Submitted to: Renewable Agriculture and Food Systems
Publication Type: Peer Reviewed Journal
Publication Acceptance Date: 10/9/2016
Publication Date: 12/5/2016
Citation: Boydston, R.A., Williams, M. 2016. No-till snap bean performance and weed response following rye and vetch cover crops. Renewable Agriculture and Food Systems. doi: 10.1017/S1742170516000405.
Interpretive Summary: Vegetable growers have been slow to adapt direct seeding into killed cover crop residues despite the benefits of weed suppressive residues, sequestering nutrients, improved water infiltration, and reduced soil erosion. Field studies were conducted in two years near Paterson, WA and Urbana, IL to determine the performance of snap beans direct seeded into rye and vetch cover crops that were killed with a roller-crimper. Cereal rye was killed well by a roller-crimper even without the use of herbicides while common and hairy vetch were not completely killed by roller-crimping and essentially became a weed competing with snap beans. Heavy residues of cereal rye and vetch were difficult to plant into often resulting in lower snap bean plant stands. Cereal rye and hairy vetch suppressed weeds, but nonkilled vetch became a weed. Weed control with killed cover crops alone was less than that typically obtained when including residual herbicides or repeated cultivation. Producers electing to plant no-till snap beans into fall-planted cover crops without using any herbicides would likely need to invest in specialized high residue cultivation equipment in order to control weeds season long and prevent crop losses due to weed competition. Snap bean yields were inconsistent and often lower following cover crops compared to snap beans planted with no cover crop. Being able to adequately kill cover crops and to plant, control escape weeds, and mechanically harvest in the presence of heavy residues are challenges that must be overcome to increase no-till production practices in vegetable crops.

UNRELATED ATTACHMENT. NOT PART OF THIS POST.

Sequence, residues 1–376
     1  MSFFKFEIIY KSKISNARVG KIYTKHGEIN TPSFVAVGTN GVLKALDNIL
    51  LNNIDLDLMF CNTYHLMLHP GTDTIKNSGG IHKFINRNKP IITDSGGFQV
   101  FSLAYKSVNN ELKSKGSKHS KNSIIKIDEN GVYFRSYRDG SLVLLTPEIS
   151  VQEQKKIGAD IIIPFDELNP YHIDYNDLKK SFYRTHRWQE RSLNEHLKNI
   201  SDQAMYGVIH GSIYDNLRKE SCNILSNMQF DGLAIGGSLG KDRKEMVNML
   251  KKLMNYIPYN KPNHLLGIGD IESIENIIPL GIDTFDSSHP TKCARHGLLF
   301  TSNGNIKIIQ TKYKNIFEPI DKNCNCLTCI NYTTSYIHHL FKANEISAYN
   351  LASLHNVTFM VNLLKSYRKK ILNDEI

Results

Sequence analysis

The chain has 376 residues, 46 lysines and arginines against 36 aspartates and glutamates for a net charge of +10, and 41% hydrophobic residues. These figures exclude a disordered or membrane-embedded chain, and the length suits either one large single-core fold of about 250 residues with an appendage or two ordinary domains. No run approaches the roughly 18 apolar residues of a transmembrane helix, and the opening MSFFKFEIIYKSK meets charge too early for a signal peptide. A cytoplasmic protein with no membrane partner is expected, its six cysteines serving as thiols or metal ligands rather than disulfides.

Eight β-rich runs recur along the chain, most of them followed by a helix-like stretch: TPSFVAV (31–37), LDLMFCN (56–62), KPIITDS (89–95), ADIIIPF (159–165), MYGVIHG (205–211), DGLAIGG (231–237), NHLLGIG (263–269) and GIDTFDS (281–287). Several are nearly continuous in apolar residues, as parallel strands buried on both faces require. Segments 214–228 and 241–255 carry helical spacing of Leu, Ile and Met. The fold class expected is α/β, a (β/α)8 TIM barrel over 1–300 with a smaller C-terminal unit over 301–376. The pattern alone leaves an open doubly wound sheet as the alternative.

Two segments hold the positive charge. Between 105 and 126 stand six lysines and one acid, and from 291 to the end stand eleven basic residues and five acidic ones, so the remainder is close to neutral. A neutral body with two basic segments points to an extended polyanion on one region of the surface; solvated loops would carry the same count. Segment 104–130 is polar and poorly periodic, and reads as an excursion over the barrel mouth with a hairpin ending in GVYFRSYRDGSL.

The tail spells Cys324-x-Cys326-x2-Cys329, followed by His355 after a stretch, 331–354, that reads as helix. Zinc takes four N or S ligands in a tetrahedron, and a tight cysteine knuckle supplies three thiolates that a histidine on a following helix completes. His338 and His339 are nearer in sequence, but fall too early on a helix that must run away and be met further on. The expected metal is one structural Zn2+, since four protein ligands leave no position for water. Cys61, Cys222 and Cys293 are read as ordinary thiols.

Technical Abstract: Fall-planted cover crops offer many benefits including weed suppressive residues in spring sown crops when controlled and left on the soil surface. However, vegetable growers have been slow to adapt direct seeding (no-till) into cover crop residues. Field studies were conducted in 2009 and 2010 near Paterson, WA and Urbana, IL to evaluate mortality of rye and vetch cover crops, weed density and biomass, and snap bean growth and yield following four cover crop control methods utilizing a roller-crimper. Rye had higher mortality than common and hairy vetch by roller-crimping, and carfentrazone applied after roller-crimping only slightly improved vetch mortality. Heavy residues of rye and escaped vetch were difficult to plant into, often resulting in lower snap bean stands. Rye and hairy vetch residues suppressed final weed biomass while common vetch reduced weed biomass one of two years. Escaped plants of both vetch species became a weed. Snap bean yields were inconsistent and often lower following cover crops compared to a fallow treatment. Being able to completely control cover crops and to plant, manage escaped weeds, and mechanically harvest in the presence of heavy residues are challenges that deter vegetable growers from readily adapting these systems.